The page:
It's not out officially until 9/17, but my next novel, THE SECRETS WE KEEP, just got its first review (a rave and a recommended read!) from Gay Book Reviews.
"This is a wonderful book! That’s what Mr Reed usually gives us readers. But this review is a bitch to write.
First, to the extent that The Secrets We Keep is heavily character driven, and dependent on a fine limning of each of the leads, telling too much about them here risks diminishing the readers’ (hopefully) pleasurable experience in discovering all about them at the author’s fine hand. Next, as there is much about Secrets We Keep which falls into the noir genre, this reviewer should be stingy in the over-exposure of plot facts.
So, where does that leave us? We have a story heavily reliant on the timed revelation of the main characters’ difficult backgrounds. As a prolific author, Mr Reed excels in this technique, often using a person’s internal thoughts in clever and enlightening contrast to the spoken dialog. Ex. “Rob looked up . . . he shouted ‘Can I come up?’ Jasper sighed. He wanted to shout back down, ‘What for? Everything that needs to be said has already been said.’ But you know that is rarely the case. So he called, ‘I’ll buzz you in.’”
In the Prologue, Mr Reed inventively opens with a coup de foudre – a sudden and unexpected event. And then he proceeds, ignoring its weight, until he needs to return and rationalize it. After this opening, we meed Jasper (“Jazz”), a 25-year-old man disconnected to any particular life path – his “career” is re-folding clothes in a department store. Occasionally he cruises the local gay bars, and (stereo typically) Jazz knows all the words to Send in the Clowns! And even though he has been “in love” more times than he could count, he was lacking confidence and seemingly is lost in the world’s shuffle. He rooms with very supportive Lacy, who, a little older than Jasper, is totally Goth in her style. She, too, seems a disconnected soul, merely floating through existence. While Jazz and Lacy don’t seem the rich fodder for literary enchantment, Mr Reed shows us better.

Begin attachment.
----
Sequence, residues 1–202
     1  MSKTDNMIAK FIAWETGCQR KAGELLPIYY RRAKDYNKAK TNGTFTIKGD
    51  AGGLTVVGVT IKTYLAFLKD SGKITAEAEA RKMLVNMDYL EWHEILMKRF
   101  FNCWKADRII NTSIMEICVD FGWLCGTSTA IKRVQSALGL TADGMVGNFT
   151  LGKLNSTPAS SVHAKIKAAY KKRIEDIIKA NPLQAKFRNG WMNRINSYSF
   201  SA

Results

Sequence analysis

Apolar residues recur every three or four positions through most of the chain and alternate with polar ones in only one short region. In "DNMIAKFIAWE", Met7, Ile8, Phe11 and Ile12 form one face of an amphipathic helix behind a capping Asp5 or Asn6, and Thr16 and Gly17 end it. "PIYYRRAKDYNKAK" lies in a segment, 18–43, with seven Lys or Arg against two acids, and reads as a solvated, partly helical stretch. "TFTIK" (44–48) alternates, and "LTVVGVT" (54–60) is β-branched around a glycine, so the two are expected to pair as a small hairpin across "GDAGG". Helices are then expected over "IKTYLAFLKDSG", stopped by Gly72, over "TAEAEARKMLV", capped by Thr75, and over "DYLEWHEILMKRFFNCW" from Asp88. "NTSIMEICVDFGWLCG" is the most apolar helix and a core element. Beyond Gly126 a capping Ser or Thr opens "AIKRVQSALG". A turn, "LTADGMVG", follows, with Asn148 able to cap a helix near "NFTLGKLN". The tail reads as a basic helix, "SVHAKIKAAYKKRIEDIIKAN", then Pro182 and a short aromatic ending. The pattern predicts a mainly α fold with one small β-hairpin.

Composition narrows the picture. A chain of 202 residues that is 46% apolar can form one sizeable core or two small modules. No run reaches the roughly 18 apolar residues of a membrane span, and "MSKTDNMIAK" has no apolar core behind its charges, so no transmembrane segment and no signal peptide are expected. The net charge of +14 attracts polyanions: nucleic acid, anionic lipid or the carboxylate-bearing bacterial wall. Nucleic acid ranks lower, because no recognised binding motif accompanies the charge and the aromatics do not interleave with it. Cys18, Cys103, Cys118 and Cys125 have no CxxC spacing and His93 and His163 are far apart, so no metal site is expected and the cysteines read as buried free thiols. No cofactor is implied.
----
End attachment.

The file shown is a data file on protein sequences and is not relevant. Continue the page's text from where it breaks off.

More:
Just when this plot’s forward movement might otherwise dead-end into a wall at high speed – changes are at hand (or, as my Jewish grandma might say, “more with the coup de foudre?” which also can refer to love or attraction at first sight). We now meet Rob, Lacy’s uncle – a middle-aged, gay, silver fox, and a best-selling novelist. Jazz is lit up by both Rob’s talent and his physicality. For Jazz, this time may be difference, and they exercise patience – as they (and we) get to know each other better. “He discovered he enjoyed getting to know a man’s heart and brain before what his dick felt like inside of him.”
That’s enough of plot and character. The Secrets We Keep is deep and light at the same time. We become emotionally attached to Jazz, Lacy and Rob – as well as their friends and family. We get full servings of mystery, passion and angst. And, saluting reality, even in a sad saga, Mr Reed remembers to throw in sufficient humor: “The dog eyes him with what Jasper thought was disdain. Even a Yorkshire terrier found him out of place.”
You won’t be disappointed to read this fine story."
Jasper Warren is a happy-go-lucky young man in spite of the tragedy that’s marred his life. He’s on a road to nowhere with his roommate, Lacy, whom he adores, and a dead-end retail job in Chicago.
And then everything changes in a single night. Though Jasper doesn’t know it, his road is going somewhere after all. This time when tragedy strikes, it brings with it Lacy’s older, wealthy, sexy uncle Rob. Despite the heart-wrenching circumstances, an immediate connection forms between the two men.
But the secrets between them test their attraction. Will their revelations destroy the bloom of new love... or encourage it to grow?